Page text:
HRP-3 in contrast to the other two family members seems to be restricted to neurons, but the nature of its function in these cells is still obscure. Beside its localisation in the cell nucleus at least in younger animals a prominent protein signal in neurites can be observed . Whether HRP-3 therefore is involved in the extension or maintenance of these cellular processes has to be addressed in the future.
Prior studies have demonstrated HDGF as well as HRP-3 expression in the central nervous system [12, 34]. The presented data show a wide distribution of both family members as well as HRP-2 in brain neurons. In contrast glial cells express only low amount or even no HRP-3 but HDGF as well as HRP-2. This observation point to a special function of HRP-3 for neuronal cells. In addition, the overlapping expression pattern of HDGF and HRP-2 and for neuronal cells also HRP-3 suggests different functions for these proteins that might include proliferation as well as cell survival.
For Western blot analysis antibodies against β-actin (pan Ab-5) was obtained from Dianova (Hamburg, Germany) and against GAP-43 from Chemicon International (Hofheim, Germany). For immunhistochemistry antibodies against NeuN, Calbindin and GFAP were from Chemicon International, Vector Laboratories (Burlingham, CA, USA) and Sigma (Munich, Germany) respectively.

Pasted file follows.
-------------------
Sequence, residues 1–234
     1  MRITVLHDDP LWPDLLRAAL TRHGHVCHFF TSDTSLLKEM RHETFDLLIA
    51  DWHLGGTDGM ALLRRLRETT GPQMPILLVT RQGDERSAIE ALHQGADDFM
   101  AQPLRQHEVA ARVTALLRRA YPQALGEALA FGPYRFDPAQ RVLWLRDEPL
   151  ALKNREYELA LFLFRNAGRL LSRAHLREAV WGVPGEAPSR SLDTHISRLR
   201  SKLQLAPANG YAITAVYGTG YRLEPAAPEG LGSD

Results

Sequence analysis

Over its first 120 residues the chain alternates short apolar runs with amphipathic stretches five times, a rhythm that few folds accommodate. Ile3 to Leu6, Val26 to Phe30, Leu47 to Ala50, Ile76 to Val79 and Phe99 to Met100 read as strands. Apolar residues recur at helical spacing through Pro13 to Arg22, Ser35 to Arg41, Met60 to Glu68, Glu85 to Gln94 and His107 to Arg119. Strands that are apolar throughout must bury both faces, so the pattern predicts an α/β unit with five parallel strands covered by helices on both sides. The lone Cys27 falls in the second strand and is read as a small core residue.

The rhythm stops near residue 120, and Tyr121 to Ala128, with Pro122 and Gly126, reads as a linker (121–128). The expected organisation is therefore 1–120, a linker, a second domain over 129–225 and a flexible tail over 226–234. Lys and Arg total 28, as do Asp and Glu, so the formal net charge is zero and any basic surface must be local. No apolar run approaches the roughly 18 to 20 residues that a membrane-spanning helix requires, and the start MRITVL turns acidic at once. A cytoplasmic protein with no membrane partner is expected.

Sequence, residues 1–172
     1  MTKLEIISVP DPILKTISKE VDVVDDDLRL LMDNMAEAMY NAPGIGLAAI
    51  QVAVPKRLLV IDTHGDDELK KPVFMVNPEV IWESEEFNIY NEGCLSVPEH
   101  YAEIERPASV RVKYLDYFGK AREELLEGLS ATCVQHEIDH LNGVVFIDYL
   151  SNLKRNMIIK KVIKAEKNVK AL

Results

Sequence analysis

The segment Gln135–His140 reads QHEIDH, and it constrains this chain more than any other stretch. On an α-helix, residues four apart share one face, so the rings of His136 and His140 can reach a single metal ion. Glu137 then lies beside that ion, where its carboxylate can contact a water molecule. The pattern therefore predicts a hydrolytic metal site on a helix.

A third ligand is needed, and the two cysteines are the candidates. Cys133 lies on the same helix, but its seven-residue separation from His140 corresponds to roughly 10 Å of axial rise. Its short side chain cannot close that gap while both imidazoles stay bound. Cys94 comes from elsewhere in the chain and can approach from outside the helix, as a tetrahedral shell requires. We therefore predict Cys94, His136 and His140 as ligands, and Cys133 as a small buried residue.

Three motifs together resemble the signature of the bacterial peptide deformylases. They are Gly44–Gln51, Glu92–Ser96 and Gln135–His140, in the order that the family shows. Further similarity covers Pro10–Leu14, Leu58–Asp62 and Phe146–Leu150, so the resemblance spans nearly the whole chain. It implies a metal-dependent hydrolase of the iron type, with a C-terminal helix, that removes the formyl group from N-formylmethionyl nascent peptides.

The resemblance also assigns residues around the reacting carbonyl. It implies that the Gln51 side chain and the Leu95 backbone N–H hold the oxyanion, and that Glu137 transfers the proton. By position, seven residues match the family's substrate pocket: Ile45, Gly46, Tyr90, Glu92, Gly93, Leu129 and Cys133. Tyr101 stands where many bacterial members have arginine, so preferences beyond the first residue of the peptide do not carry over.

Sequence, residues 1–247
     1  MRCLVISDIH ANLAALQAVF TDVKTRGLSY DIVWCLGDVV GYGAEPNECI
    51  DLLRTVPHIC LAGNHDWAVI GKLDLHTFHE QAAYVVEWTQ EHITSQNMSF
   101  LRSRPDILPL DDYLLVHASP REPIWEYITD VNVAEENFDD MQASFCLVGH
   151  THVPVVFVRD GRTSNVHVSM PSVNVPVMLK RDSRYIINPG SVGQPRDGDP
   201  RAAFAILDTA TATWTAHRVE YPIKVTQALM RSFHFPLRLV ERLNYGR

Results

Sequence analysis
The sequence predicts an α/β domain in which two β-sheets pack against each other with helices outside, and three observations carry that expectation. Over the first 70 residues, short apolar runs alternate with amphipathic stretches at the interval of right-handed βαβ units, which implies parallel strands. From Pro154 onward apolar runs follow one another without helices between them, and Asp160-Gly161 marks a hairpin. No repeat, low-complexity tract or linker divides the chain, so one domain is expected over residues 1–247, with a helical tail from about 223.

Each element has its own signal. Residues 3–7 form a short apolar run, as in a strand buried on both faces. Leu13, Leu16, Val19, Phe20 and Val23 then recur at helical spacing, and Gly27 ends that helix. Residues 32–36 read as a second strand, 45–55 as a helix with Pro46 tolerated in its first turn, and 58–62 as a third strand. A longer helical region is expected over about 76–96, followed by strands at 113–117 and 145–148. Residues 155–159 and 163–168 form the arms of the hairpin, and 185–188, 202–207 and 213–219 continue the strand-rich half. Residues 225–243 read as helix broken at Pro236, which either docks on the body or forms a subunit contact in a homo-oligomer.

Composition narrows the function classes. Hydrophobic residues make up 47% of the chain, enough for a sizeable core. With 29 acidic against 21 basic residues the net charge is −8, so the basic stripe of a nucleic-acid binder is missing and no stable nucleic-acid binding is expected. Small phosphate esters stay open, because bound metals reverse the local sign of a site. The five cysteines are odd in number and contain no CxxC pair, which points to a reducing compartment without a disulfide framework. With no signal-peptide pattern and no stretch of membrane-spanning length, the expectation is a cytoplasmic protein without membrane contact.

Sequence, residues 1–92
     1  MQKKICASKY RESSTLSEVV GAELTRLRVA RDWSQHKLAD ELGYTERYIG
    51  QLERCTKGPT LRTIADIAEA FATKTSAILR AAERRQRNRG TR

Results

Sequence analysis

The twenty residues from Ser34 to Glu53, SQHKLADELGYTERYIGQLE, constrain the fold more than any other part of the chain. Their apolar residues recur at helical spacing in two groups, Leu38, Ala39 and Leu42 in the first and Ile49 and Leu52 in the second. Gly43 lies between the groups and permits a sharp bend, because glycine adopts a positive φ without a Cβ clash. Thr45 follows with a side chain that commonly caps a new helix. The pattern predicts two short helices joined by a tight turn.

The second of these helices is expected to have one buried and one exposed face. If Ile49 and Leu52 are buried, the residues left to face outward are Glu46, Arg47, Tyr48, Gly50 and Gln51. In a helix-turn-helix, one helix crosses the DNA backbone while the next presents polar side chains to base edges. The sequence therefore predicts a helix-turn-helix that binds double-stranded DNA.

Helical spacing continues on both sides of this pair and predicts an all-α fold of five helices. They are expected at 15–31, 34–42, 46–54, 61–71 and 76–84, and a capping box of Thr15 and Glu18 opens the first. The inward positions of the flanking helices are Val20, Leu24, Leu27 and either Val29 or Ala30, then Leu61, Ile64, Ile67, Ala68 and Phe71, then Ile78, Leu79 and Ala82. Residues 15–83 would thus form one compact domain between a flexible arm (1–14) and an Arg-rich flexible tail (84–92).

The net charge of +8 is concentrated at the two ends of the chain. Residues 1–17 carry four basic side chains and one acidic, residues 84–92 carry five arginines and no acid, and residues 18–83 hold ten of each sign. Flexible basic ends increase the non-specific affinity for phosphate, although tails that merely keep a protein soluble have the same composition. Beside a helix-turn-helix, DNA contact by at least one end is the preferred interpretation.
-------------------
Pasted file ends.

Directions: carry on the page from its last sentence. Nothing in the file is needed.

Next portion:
Rabbit antibodies against HDGF, HRP-2 and HRP-3 were produced and purified as described elsewhere . The sheep antiserum against HDGF was raised against the histidine tagged protein as described for the rabbit antibodies [1, 27]. Three aliquots of about 500 μg protein each were used to immunize a sheep (Diagnostics Scotland, Edinburgh, Scotland). Immunization was performed according to local governmental regulations. In order to obtain specific antibodies suitable for immunhistochemistry rabbit and sheep sera were purified by affinity chromatography using GST (glutathione S-transferase) fusion proteins of the different growth factors. Therefore, mouse HDGF, HRP-2 and HRP-3 coding regions were cloned into the pGEX4T3 vector (Amersham Pharmacia Biotech, Freiburg, Germany) using BamHI and SalI restriction sites. After purification via glutathione sepharose (Amersham Pharmacia Biotech, Freiburg, Germany) the purified proteins were coupled to Affigel 10 using the protocol supplied by the manufacturer (Bio-Rad, München, Germany). The resulting matrices were used for immunoaffinity purification of antibodies specific for the respective growth factor. All antibodies were examined for crossreactivity by preincubation with the respective recombinant protein (for results see file 1 and 2 of the additional material and Abouzied and coworkers ).